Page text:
While my story relates to Postpartum Depression as opposed to general depression, anxiety, and suicidal thoughts it was eye opening to me the number of people both publicly and privately that reached out to me with similar stories, and sadly many cases where they believed they needed to just “power through” and never did seek help. Those stories are ubiquitous throughout agriculture: producers believe if they just keep working, just keep trying, they will eventually feel okay – and sadly many times that is not the case.
Our industry is one in which we are dependent on markets and weather, two factors far outside our control, and they leave us at their mercy. We are known for second guessing, crippling inability to make decisions for fear of failure (What if the market goes up tomorrow?!? What if it does not start raining?!?), and an alarming inability to articulate the crushing stresses we often feel. It is entirely uncomfortable and unfathomable to imagine walking into your neighbors (and best friend’s) shop in tears because you cannot handle the stress of our current situation, it is unfathomable to imagine unloading all of those stresses on a stranger in the mental health community, it is unfathomable how we are going to see through the darkness that can suddenly surround us.
I even grew up in a household that is open to seeing mental health care providers. Members of my family regularly see them, one of my grandpa’s was a board certified psychiatrist most of his medical career (he was also at one time a board certified general surgeon). Even knowing all of that, even knowing we are prone to anxiety and depression, I still had to peel myself off the bathroom floor, face the stunned look of my husband, and force myself to admit something was wrong before I could even begin to address the issue.
Let There Be Light
Immediately after posting my story on Instagram and Facebook I was flooded with support that was both heartwarming and relieving: I was not alone. After the article was published by the Guardian and literally hundreds of individuals stepped forward with their stories I realized the sheer volume of support and understanding within the agricultural community. Hopefully now that many individuals have shined a spotlight on this crisis the light will not diminish and die. We cannot allow this issue to be banished to the corners of agriculture’s society again – and we will continue to be able to provide the support each other needs as well as develop the type of programs necessary to literally save our lives on a state, federal and global level.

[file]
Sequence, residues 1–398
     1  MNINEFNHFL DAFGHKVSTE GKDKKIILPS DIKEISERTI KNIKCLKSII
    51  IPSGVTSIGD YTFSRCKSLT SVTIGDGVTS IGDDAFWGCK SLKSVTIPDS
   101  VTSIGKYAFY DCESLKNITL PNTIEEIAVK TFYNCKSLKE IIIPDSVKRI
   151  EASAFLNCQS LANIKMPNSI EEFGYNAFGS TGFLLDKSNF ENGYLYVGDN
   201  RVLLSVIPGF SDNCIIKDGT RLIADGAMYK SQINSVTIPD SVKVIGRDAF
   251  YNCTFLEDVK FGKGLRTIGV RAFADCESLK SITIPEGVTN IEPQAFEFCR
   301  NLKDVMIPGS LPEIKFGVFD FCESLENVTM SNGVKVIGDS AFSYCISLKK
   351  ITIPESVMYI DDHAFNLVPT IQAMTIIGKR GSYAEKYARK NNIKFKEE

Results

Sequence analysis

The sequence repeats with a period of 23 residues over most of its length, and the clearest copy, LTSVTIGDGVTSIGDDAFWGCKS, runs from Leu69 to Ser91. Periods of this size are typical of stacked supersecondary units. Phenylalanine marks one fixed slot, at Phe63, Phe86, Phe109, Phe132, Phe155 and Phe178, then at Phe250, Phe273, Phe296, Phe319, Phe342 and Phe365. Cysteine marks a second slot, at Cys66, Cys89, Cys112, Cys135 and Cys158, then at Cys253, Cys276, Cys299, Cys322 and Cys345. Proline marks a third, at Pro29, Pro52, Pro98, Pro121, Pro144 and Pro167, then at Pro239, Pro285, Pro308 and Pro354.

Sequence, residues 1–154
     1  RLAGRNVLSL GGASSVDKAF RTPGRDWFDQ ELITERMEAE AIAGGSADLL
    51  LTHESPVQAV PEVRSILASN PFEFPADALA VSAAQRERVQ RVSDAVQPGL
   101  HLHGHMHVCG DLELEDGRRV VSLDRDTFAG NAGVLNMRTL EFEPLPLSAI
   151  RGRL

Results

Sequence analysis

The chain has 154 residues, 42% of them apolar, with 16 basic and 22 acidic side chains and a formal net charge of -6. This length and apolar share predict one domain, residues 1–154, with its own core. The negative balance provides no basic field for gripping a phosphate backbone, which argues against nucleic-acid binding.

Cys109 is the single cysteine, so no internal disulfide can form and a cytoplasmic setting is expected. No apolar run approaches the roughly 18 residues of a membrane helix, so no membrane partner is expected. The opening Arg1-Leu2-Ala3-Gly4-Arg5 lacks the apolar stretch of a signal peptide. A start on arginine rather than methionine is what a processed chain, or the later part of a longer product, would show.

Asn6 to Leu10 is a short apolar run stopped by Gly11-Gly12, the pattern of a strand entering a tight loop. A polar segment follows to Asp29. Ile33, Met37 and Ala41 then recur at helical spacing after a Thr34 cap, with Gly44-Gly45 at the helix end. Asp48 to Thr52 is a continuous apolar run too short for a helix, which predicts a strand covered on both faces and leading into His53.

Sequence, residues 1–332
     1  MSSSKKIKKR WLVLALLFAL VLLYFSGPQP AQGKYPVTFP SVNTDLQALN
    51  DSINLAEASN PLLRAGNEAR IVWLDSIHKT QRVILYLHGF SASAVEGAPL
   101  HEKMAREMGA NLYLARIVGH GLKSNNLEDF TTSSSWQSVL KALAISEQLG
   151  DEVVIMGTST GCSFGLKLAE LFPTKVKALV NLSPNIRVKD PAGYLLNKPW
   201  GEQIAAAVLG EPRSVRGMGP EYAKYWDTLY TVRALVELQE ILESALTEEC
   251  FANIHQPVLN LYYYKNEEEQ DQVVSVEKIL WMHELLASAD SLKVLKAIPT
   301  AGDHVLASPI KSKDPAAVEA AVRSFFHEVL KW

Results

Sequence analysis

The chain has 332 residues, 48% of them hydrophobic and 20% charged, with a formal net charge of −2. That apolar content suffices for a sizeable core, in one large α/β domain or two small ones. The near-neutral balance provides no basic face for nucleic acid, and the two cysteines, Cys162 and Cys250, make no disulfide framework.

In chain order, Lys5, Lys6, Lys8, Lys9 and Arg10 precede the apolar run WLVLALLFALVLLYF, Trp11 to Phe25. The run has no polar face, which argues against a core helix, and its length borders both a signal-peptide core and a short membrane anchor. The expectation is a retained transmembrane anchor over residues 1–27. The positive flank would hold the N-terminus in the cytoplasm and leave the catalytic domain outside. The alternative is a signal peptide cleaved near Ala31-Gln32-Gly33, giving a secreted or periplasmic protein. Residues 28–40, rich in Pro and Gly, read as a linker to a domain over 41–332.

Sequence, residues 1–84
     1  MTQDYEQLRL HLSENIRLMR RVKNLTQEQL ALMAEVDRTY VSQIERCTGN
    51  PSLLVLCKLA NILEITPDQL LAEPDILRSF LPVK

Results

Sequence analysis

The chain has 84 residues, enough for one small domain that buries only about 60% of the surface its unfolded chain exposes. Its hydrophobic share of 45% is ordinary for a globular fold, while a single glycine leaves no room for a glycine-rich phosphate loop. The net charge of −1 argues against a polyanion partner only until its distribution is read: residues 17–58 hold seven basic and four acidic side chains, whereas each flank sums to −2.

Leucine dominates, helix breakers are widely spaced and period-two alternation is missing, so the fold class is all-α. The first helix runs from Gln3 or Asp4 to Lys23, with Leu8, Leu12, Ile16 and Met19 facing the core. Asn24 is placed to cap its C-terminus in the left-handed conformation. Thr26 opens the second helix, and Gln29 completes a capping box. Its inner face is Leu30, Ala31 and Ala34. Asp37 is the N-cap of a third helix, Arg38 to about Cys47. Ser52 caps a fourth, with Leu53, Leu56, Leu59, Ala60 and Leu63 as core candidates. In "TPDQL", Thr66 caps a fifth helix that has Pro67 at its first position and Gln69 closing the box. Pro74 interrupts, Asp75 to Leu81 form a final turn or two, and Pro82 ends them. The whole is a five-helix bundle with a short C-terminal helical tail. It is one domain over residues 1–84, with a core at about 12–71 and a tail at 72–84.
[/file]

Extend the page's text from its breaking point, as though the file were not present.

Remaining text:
Please if you are struggling with anxiety, depression, or any other mental health issues reach out to your family, friends, neighbors, and even strangers on social media who will soon become friends. Also keep the following number and information stored in your phone for emergencies:
In the US, the National Suicide Prevention Lifeline is 1-800-273-8255. In the UK the Samaritans can be contacted on 116 123. In Australia, the crisis support service Lifeline is on 13 11 14. Other international suicide helplines can be found atwww.befrienders.org.
Agriculture Specific Hotlines:
Farmer hotline at 1-800-FARM-AID (1-800-327-6243). Joe and other Farm Aid staff answer the hotline Monday through Friday from 9:00 a.m. to 5:00 p.m. eastern time.
I personally went through a severe depression when we were in the process of selling our ranch (cow/calf operation) in the mid 1980’s. This culminated in my suicide attempt, which, thankfully, was unsuccessful. I was hospitalized in a mental health hospital for about three weeks. Since this time I have had a very happy life: our youngest child, a beautiful daughter, was born about a year later, I have had a very rewarding and successful career in the USDA, Agricultural Research Service. I am now enjoying retirement. Looking back I am so thankful that my suicide attempt was not successful.
Someone told me something after my suicide attempt that I think is worth repeating: “To the world you may just someone, but to someone you may be the world.” I think that this is so true. If I had thought about this before my attempt, I may have realized that, had I ended my life like this, it would caused so much pain to my wife and two young sons, as well as my parents and the rest of my family. I thank God that He spared my life on that awful day, and I thank Him for all the good days He has given me since than.
P.S. I want to thank you, Michelle and your blog site, for helping bring this sad situation to light. I myself did not know that this was a problem of this magnitude, although I had heard of some farmers/ ranchers in the agricultural crisis of the mid-1980’s that had committed suicide.